Inspired by the engaging discussion at last week’s 2:AM conference, we thought now might be a good time to take a step back, refocus on the bigger picture, and remind ourselves why we are doing this altmetrics ‘thing’.
The main reason? To help academics see who is saying what about their work, to ensure that they are aware of the attention it’s receiving, and to help them use this information to further their research and its eventual broader impacts.
With that in mind, we’ve put together some top tips that anyone can use to get started interpreting their altmetrics data:
1. Don’t focus on the numbers
It’s very easy to get caught up on this one from the word go. Altmetrics open up a world of numbers – from the number of people who have tweeted your work to the times it has been stored in a Mendeley library. At Altmetric we also assign each article a score, intended as an indicator to help identify the volume of attention an output has received. What’s important (and most valuable) is to look beyond them to see who is actually talking about and sharing your work, what they’re saying, and why.
You can view all of the attention that Altmetric has collated for your work (and that of others) by clicking on the donut visualisation or badge wherever you come across it on publisher or institutional websites. Clicking on this will take you to the details page for that item, from where you can browse all of the original mentions and are linked directly to the source.
2. Pay attention to the mentions that matter to you
When evaluating the attention that your research has received, you’ll want to analyse it in context of what you were hoping to achieve by publishing it. If, for example, you wanted specific communities or regional groups to read it, you might be interested in the Twitter and Mendeley demographic maps that show you where in the world people have been talking about and saving for the article.
Likewise, if you were intending that the work be widely circulated amongst patient interest groups or practitioners, being able to identify which blogs it has been discussed in might be of interest. Altmetrics are not a measure of impact in themselves, but they can help you determine where you have achieved reach or influence, and how that might have been a step towards a bigger goal.
3. Use this as an opportunity to engage with a wider community
We’ve heard many times from researchers who are exploring their altmetrics data for the first time how they are surprised to find their work being picked up in unexpected places. A benefit of Altmetric is that is enables you to stay up to date with the latest activity surrounding your work (you can sign up for email alerts to be notified when it gets new mentions) so that you can easily uncover and take the opportunity to engage with discussions as they happen. This might be useful for correcting any misinterpretations of your work, growing your network, or just adding your views to current thinking in your field.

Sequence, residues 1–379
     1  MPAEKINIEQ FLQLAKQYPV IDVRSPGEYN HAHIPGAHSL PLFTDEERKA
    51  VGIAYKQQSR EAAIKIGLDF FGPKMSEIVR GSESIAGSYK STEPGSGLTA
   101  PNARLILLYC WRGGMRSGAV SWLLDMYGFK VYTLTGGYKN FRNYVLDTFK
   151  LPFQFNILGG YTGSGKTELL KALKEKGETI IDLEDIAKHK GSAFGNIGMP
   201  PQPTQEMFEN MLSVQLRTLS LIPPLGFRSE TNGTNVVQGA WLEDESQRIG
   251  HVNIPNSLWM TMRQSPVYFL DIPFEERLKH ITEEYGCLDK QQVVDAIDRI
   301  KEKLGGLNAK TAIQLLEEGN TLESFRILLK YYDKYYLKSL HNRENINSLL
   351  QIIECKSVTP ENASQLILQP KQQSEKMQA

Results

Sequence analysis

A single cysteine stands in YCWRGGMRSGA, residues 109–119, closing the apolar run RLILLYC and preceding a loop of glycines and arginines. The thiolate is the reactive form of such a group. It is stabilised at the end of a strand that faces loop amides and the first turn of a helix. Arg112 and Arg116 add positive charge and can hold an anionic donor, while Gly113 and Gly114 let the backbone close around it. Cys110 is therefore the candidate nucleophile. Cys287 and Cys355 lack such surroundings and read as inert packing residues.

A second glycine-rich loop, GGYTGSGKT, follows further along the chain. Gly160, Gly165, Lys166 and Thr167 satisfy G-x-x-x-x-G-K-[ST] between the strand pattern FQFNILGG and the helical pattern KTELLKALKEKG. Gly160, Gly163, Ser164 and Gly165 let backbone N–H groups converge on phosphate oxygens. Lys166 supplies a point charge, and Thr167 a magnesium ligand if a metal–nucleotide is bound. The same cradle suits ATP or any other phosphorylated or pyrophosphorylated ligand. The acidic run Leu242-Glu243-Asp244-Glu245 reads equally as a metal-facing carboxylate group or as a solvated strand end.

4. Think about how this information can strengthen your CV or funding applications
Ok, you’ve established that 10 people have tweeted your work, 3 news outlets have covered it, and it’s been referenced in Wikipedia twice. So what? Get yourself credit for that! Funders, review and hiring committees are always on the look out for extra evidence of the broader dissemination and influence of research, and altmetrics data can be really useful for this.
Again, don’t just focus on the numbers, but really draw out why the attention your research has got is worth highlighting – for example did key thought-leaders share it amongst their networks? Did it spark an engaged debate amongst non-academic commentators who would not normally have the opportunity to become part of the discourse? Altmetrics can help you uncover all of this and answer that one crucial question: tell us how you are making a difference.
5. Use them to inform new strategies for future success
Altmetric can pick up attention to anything that’s published with a scholarly identifier (and even some things that don’t have one). This includes articles, datasets, reports, grey literature, and other research outputs. At present we’ve picked up attention for over 4 million outputs – meaning that it’s easy for you to explore the altmetrics data for lots of other research in your field too.
To get easy access to this download the Altmetric bookmarklet, our free browser plugin. Just the click of a button will show you the collated record of all of the attention we’ve seen for that research, meaning you can quickly see where the research of your peers is getting attention from or having an influence. You might be able to identify, for example, some high-profile tweeters or bloggers who you can start to engage with to make them more aware of (and more likely to share) your research.